On Wednesday (Feb. 1), CNN learned over 20 hours of police footage related to Memphis police officers brutally beating Tyre Nichols has yet to be released, according to prosecutors. Officials are discussing whether or not to file additional charges for the cops involved.
As previously reported by REVOLT, at least seven police officers are believed to have played a part in Nichols’ death. So far, five cops — Tadarrius Bean, Demetrius Haley, Emmitt Martin III, Desmond Mills Jr. and Justin Smith — have been fired from the Memphis Police Department and charged with second-degree murder, aggravated assault, aggravated kidnapping, official misconduct and official oppression. The two other officers have also been relieved of their duty from the department. It is up to city officials and the police department if the additional video from the Jan. 7 altercation will be made public. Civil rights attorney Benjamin Crump is representing Nichols’ family and as of Thursday (Feb. 2), said the family had not viewed the extra footage.
Crump stated, “But we were told by the city attorney that they’re prepared to let us have them as well as the public. Obviously, transparency is the key. We were under the impression that we got everything, but I pray with this next release, that will be everything, so we can connect all the dots.” Last week, Memphis authorities released body camera footage worn by some of the officers during the traffic stop that resulted in Nichols’ death. The footage sparked nationwide protests and showed how the 29-year-old father was ultimately set up for failure. In less than 15 minutes, Nichols was given almost 80 contradictory commands and savagely beaten. He succumbed to his injuries days later.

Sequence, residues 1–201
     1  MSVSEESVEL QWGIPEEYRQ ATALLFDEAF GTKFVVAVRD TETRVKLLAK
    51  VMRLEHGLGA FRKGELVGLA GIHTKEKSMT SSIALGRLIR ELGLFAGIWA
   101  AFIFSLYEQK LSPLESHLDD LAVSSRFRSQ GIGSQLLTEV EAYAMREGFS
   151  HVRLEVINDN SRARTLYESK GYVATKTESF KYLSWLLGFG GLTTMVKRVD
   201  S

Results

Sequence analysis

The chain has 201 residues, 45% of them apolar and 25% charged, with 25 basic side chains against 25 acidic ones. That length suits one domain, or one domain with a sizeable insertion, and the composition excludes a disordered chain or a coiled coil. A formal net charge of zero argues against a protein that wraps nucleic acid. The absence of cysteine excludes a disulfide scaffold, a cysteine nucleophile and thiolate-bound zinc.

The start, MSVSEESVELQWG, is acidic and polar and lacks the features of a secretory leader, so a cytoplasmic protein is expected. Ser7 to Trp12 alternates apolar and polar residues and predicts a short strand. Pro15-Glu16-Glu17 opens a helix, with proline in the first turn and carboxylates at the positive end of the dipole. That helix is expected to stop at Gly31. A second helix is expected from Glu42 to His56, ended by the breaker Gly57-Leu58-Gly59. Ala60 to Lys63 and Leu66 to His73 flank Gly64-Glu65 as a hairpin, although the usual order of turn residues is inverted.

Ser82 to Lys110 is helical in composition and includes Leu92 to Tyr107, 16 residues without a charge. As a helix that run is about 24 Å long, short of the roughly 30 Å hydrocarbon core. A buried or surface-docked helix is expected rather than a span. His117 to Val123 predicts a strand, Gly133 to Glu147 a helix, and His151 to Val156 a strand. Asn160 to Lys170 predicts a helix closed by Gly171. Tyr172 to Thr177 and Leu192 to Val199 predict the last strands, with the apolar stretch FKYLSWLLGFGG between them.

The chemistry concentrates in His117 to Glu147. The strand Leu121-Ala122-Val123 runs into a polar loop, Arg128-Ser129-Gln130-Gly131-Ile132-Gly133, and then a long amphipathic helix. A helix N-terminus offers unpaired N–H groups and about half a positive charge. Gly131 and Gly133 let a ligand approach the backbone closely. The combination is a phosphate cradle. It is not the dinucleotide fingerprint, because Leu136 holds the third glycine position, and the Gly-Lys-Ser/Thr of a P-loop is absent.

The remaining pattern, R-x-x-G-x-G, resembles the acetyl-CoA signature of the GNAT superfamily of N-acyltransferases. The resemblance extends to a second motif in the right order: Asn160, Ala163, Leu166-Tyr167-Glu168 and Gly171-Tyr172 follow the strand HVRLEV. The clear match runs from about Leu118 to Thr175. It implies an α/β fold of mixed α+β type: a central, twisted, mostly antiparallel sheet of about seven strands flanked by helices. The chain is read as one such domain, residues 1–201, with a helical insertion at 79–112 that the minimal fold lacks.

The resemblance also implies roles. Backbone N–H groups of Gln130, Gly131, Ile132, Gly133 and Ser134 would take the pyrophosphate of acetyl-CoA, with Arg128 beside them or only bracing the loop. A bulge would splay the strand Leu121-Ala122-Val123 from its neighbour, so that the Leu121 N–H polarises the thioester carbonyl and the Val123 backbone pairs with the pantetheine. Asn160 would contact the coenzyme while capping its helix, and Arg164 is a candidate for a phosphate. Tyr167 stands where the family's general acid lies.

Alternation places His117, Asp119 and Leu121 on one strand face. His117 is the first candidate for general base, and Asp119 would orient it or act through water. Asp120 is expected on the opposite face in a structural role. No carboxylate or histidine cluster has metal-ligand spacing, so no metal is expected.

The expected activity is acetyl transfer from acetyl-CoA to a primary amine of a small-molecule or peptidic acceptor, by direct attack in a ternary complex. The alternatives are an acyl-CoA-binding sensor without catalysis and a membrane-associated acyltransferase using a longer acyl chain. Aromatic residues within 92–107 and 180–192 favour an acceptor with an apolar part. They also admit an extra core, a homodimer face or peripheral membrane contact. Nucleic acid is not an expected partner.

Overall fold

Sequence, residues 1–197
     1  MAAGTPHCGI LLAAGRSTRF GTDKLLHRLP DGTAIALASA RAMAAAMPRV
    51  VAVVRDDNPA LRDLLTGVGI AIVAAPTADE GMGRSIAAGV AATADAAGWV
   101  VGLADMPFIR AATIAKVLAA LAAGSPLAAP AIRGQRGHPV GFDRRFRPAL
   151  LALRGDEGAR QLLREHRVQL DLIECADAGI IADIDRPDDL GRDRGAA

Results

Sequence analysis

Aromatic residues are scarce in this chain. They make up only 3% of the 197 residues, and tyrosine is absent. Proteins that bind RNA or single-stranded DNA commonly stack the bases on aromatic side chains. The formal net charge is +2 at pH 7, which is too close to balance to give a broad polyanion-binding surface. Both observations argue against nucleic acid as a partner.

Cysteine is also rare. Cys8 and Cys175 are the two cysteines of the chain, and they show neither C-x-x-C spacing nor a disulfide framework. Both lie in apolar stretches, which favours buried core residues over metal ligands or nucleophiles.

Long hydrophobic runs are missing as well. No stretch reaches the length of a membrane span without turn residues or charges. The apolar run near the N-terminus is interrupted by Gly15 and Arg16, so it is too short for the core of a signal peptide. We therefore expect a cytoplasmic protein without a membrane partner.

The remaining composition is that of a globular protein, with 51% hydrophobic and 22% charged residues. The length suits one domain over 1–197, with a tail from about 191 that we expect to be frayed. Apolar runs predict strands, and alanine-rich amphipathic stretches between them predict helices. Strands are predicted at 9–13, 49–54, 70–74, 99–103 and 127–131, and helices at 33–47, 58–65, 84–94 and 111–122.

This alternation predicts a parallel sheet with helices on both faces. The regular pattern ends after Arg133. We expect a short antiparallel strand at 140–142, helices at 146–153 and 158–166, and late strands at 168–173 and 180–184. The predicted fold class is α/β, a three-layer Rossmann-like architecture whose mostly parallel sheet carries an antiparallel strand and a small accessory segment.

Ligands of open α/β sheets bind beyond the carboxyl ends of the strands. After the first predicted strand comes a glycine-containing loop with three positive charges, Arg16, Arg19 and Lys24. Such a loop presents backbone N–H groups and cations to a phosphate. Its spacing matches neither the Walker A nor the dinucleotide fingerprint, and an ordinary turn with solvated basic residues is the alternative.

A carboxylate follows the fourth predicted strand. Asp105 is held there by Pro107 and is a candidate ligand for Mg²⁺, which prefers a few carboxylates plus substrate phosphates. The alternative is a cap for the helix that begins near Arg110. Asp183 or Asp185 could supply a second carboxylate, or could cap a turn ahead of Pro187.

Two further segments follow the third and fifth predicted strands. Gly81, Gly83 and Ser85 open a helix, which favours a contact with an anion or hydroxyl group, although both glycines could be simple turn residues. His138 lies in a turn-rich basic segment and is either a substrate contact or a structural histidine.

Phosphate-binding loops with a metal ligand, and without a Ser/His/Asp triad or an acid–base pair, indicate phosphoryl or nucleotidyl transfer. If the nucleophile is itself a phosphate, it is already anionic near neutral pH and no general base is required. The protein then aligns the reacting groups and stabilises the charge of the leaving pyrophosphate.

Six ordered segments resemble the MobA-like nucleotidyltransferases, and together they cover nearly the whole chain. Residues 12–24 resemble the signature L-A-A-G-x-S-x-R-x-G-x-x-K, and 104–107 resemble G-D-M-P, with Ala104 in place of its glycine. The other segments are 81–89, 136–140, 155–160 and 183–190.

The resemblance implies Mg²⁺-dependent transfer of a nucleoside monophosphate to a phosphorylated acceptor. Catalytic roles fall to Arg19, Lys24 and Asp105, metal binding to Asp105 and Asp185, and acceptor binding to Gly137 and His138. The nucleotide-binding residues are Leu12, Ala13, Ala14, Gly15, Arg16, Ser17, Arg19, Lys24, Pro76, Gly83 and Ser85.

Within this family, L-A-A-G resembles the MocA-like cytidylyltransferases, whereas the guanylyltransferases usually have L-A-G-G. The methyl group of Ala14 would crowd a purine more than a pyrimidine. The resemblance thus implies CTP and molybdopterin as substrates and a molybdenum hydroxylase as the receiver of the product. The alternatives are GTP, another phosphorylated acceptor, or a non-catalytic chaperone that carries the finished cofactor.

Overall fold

Shelby County prosecutor Steven Mulroy told CNN there may be discrepancies in what was initially documented. “The incident report that has gone public does not match up on all fours with what one sees when one looks at the video that’s already been released,” Mulroy shared. Nichols was laid to rest on Wednesday. His mother, RowVaughn Wells, noted, “There should be no other child that should suffer the way my son and all the other parents here [who] have lost their children” have.